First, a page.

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Clarifying Business Legal Structures

One of the most important steps when starting a business in Pennsylvania is to decide what type of legal structure is best for the business. Pennsylvania recognizes multiple business entities, from sole proprietorships to corporations. When choosing a legal entity for a business, it’s important to consider your business’s size, structure, management style, and tax considerations. It’s also important to consider the amount of personal liability you are willing to take on when starting your business.

Sole Proprietorships

Sole proprietorships are the simplest type of business structure. A single owner has sole control and responsibility over the small business. Sole proprietorships require fewer legal forms to establish the business, and the owner retains the profits. It’s also easier to discontinue the business. However, sole proprietorships have unlimited personal liability for all of the liabilities and debts of the business.

General Partnerships (GP)

A general partnership is a formal business entity formed by two or more partners. In Pennsylvania, there isn’t a formal filing requirement to form a general partnership. However, the partnership must register its name if it uses one. The partners can be individuals or other legal entities. As with sole proprietorship owners, partners do have personal liability for any debts and other claims against the partnership. For tax purposes, a general partnership is a pass-through entity.

Limited Partnership (LP)

In a limited partnership, there must be at least one limited partner and one general partner. In most cases, the general partner is a corporation or an LLC. The partners in a limited partnership enjoy limited liability protection. The limited partners don’t have personal liability for debts and other claims against the partnership.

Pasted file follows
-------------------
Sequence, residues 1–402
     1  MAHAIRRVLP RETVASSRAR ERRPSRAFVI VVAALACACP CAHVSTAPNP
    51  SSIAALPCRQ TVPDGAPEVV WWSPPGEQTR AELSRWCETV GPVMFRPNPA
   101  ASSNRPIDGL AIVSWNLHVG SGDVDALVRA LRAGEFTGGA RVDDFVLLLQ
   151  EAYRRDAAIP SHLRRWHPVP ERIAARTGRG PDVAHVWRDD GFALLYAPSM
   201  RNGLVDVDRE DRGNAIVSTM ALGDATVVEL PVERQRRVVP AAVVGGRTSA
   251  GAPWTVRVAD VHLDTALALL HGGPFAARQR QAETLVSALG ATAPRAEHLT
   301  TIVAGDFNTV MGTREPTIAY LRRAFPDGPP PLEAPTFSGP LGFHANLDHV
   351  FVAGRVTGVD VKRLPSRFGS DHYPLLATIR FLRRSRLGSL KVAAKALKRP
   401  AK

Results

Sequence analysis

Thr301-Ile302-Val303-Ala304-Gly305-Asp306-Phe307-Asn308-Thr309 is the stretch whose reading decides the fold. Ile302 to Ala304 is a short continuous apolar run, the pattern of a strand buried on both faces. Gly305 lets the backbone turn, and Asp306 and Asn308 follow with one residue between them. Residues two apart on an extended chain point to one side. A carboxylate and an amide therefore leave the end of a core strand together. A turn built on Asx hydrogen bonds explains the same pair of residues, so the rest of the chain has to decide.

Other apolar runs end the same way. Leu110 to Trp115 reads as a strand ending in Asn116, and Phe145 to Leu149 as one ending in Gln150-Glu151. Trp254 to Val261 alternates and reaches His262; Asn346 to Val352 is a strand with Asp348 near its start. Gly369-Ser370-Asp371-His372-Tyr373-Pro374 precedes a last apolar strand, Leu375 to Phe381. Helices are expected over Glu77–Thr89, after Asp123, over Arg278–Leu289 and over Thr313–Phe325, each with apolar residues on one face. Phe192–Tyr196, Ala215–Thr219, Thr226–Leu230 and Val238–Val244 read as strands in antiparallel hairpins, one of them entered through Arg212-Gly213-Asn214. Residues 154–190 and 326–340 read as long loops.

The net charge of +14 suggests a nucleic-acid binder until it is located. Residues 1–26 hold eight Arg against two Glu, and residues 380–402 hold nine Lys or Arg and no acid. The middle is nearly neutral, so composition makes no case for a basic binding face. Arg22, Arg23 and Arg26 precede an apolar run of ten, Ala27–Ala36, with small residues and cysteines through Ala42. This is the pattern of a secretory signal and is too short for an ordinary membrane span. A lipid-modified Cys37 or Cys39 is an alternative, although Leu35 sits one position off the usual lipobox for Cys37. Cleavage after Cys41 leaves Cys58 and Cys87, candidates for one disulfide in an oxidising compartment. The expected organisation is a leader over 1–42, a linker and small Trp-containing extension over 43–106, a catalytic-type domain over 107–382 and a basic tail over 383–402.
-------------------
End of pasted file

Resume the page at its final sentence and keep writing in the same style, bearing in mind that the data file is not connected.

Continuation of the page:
Limited Liability Company (LLC)

Forming a limited liability company is a popular choice for business owners, with good reason. LLCs can be owned by one or more members which can be individuals or other entities. LLCs offer the members limited liability protection from creditors and debtors, and members also have pass-through income tax. However, unlike other states, Pennsylvania imposes a separate tax on LLCs. LLCs are required to pay a capital stock tax, as are corporations. Until this tax is phased out, forming an LLC may not be your best choice in Pennsylvania. An attorney can help you decide on the most strategic type of business for you.

Business Corporation – “C” Corporation

A C corporation is a business entity formed through articles of incorporation. One or more shareholders own the entity. Shareholders can be individuals or other entities. C corporations are not pass-through entities for tax purposes but provide owners with limited liability. The C corporation will pay taxes on its income before shareholders receive the profits as dividends. Additionally, shareholders are required to pay income tax on the dividends.

Business Corporation – “S” Corporation

S corporations are also formed using articles of incorporation. An S corporation can elect to be taxed as an S corporation by filing the appropriate election forms with the Internal Revenue Service (IRS) as well as the Pennsylvania Department of Revenue. There are limitations regarding the number of shareholders allowed and the type of entities that can qualify as shareholders. S corporations are also limited liability entities. The main difference between C and S corporations is that S corporations are pass-through entities for tax purposes.

Contact an Experienced Business Attorney in Pittsburgh

If you have questions about what type of legal structure will work best for your business, don’t hesitate to contact Jones, Gregg, Creehan & Gerace LLP to schedule an initial consultation.